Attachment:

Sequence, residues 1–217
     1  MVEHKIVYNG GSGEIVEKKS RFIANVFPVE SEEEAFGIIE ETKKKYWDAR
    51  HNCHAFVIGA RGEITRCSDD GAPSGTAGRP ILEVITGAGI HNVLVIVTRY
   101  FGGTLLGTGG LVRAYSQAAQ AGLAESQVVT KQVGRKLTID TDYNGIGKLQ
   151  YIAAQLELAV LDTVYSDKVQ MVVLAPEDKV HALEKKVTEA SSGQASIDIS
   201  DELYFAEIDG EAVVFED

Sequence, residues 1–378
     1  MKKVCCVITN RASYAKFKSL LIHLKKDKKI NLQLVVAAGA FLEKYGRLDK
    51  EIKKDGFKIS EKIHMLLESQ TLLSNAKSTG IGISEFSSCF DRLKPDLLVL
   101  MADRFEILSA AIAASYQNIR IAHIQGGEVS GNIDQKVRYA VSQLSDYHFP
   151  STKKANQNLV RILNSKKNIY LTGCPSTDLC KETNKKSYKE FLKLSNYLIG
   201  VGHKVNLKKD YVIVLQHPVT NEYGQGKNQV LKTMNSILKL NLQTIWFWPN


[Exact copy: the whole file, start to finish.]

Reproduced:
Sequence, residues 1–217
     1  MVEHKIVYNG GSGEIVEKKS RFIANVFPVE SEEEAFGIIE ETKKKYWDAR
    51  HNCHAFVIGA RGEITRCSDD GAPSGTAGRP ILEVITGAGI HNVLVIVTRY
   101  FGGTLLGTGG LVRAYSQAAQ AGLAESQVVT KQVGRKLTID TDYNGIGKLQ
   151  YIAAQLELAV LDTVYSDKVQ MVVLAPEDKV HALEKKVTEA SSGQASIDIS
   201  DELYFAEIDG EAVVFED

Sequence, residues 1–378
     1  MKKVCCVITN RASYAKFKSL LIHLKKDKKI NLQLVVAAGA FLEKYGRLDK
    51  EIKKDGFKIS EKIHMLLESQ TLLSNAKSTG IGISEFSSCF DRLKPDLLVL
   101  MADRFEILSA AIAASYQNIR IAHIQGGEVS GNIDQKVRYA VSQLSDYHFP
   151  STKKANQNLV RILNSKKNIY LTGCPSTDLC KETNKKSYKE FLKLSNYLIG
   201  VGHKVNLKKD YVIVLQHPVT NEYGQGKNQV LKTMNSILKL NLQTIWFWPN